[RFC2119] Bradner, S., "Key words for use in RFCs to Indicate Requirement Levels", BCP 14, RFC 2119, March 1997. [RFC2131] Droms, R., "Dynamic Host Configuration Protocol", RFC 2131, March 1997. [RFC2132] Alexander, S. and R. Droms, "DHCP Options and BOOTP Vendor Extensions", RFC 2132, March 1997. [RFC2865] Rigney, C., Willens, S., Rubens, A., and W. Simpson, "Remote Authentication Dial In User Service (RADIUS)", RFC 2865, June 2000. [RFC3162] Aboba, B., Zorn, G., and D. Mitton, "RADIUS and IPv6", RFC 3162, August 2001. [RFC4301] Kent, S. and K. Seo, "Security Architecture for the Internet Protocol", RFC 4301, December 2005. [RFC5080] Nelson, D. and A. DeKok, "Common Remote Authentication Dial In User Service (RADIUS) Implementation Issues and Suggested Fixes", RFC 5080, December 2007. [RFC5969] Townsley, W. and O. Troan, "IPv6 Rapid Deployment on IPv4 Infrastructures (6rd) -- Protocol Specification", RFC 5969, August 2010. [RFC6158] DeKok, A., Ed., and G. Weber, "RADIUS Design Guidelines", BCP 158, RFC 6158, March 2011. [RFC6733] Fajardo, V., Ed., Arkko, J., Loughney, J., and G. Zorn, Ed., "Diameter Base Protocol", RFC 6733, October 2012.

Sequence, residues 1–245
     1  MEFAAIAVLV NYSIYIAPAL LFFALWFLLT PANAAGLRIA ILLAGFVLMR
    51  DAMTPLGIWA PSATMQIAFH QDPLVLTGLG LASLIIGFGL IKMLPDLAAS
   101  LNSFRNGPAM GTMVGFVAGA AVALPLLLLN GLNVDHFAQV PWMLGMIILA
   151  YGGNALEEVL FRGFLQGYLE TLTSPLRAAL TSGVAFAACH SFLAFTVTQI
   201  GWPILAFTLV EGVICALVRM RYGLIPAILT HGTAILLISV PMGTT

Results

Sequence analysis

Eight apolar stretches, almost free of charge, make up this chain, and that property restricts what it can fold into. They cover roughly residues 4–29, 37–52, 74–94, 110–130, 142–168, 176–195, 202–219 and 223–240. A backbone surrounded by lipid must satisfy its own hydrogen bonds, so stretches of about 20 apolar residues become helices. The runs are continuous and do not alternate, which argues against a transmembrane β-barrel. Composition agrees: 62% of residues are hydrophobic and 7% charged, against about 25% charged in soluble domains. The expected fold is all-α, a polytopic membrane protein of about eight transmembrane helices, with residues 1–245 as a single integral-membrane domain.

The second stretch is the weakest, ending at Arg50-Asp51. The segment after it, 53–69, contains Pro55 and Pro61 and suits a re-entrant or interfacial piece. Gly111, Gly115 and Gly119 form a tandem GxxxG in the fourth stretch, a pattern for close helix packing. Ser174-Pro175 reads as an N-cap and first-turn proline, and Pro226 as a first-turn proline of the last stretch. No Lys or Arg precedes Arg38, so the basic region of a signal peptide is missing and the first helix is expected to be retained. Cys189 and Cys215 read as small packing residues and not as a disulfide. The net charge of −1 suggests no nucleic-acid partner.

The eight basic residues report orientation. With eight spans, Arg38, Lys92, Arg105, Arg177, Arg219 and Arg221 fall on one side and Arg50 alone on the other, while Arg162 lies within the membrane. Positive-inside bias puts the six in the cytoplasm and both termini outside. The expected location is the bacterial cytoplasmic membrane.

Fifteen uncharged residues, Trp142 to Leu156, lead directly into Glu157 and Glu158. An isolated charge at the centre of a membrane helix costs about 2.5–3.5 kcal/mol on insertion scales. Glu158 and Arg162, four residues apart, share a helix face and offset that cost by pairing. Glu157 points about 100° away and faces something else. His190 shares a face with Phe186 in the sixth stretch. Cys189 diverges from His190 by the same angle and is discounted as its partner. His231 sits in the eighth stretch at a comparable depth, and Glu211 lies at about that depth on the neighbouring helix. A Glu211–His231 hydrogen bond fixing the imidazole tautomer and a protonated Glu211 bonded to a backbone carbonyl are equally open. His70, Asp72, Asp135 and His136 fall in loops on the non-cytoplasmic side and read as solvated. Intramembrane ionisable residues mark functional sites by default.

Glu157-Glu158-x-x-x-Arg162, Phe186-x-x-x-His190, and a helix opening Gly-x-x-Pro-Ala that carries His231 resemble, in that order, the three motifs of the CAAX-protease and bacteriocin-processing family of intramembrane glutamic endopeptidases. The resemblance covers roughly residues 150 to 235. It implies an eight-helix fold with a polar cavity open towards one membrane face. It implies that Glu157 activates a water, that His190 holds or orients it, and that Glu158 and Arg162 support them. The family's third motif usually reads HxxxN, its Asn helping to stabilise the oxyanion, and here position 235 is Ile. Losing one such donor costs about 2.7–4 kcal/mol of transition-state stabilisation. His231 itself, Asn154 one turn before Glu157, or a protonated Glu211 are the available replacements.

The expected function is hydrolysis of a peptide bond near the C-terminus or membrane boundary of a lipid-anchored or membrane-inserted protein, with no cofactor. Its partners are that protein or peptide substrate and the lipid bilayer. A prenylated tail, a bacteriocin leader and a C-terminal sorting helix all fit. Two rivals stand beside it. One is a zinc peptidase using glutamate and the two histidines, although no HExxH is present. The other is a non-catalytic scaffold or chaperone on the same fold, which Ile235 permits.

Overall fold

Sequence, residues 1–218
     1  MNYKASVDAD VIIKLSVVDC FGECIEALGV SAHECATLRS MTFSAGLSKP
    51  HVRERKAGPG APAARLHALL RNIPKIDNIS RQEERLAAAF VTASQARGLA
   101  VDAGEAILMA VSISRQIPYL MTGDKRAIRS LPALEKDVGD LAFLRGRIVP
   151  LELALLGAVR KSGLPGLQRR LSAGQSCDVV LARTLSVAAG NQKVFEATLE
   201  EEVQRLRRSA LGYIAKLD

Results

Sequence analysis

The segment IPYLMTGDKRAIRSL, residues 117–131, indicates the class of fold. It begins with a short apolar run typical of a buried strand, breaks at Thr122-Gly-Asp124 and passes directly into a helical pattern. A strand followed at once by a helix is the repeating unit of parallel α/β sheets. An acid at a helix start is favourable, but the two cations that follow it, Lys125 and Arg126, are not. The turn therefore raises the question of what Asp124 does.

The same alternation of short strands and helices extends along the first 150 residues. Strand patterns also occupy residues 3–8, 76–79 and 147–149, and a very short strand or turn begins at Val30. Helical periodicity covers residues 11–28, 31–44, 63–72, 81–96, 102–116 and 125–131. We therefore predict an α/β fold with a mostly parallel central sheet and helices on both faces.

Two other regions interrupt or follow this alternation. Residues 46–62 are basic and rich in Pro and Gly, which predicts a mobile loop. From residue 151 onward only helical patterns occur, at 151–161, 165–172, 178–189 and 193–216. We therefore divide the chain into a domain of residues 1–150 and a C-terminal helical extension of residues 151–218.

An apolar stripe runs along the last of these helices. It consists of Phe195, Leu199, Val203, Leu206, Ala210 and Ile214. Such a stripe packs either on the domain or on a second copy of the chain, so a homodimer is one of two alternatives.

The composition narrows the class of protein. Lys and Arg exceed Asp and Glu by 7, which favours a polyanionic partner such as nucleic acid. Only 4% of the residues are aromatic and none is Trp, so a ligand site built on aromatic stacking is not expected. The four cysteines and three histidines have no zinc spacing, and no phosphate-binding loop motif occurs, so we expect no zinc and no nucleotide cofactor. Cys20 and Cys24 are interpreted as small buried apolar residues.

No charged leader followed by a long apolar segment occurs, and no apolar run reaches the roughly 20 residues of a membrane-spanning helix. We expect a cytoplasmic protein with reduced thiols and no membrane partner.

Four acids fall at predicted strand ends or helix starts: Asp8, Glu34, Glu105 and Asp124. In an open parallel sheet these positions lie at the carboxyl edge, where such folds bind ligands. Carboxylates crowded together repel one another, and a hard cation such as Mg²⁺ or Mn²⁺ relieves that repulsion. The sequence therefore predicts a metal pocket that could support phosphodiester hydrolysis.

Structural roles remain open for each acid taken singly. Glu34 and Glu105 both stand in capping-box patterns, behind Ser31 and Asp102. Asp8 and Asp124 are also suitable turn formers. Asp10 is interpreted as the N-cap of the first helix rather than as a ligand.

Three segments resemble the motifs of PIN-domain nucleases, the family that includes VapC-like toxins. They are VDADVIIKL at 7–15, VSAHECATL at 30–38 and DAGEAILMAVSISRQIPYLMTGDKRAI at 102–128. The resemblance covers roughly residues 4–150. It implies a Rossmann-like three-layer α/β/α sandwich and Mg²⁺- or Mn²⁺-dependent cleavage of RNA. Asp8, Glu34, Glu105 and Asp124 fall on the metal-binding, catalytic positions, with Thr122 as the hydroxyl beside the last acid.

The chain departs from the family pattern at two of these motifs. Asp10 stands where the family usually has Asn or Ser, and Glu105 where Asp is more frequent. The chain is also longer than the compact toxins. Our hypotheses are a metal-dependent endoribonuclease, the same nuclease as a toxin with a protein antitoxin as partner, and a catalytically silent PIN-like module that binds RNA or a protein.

9.2. Informative References
[RFC2607] Aboba, B. and J. Vollbrecht, "Proxy Chaining and Policy Implementation in Roaming", RFC 2607, June 1999. [RFC2869] Rigney, C., Willats, W., and P. Calhoun, "RADIUS Extensions", RFC 2869, June 2000. [RFC3580] Congdon, P., Aboba, B., Smith, A., Zorn, G., and J. Roese, "IEEE 802.1X Remote Authentication Dial In User Service (RADIUS) Usage Guidelines", RFC 3580, September 2003. [RFC6929] DeKok, A. and A. Lior, "Remote Authentication Dial-In User Service (RADIUS) Protocol Extensions", RFC 6929, April 2013.
Huawei Technologies Co., Ltd
Q14 Huawei Campus, 156 BeiQi Road,
ZhongGuan Cun, Hai-Dian District, Beijing 100095
firstname.lastname@example.org Sheng Jiang (Editor) Huawei Technologies Co., Ltd Q14 Huawei Campus, 156 BeiQi Road, ZhongGuan Cun, Hai-Dian District, Beijing 100095 P.R. China
3 rue du President Wilson
181 Bay Street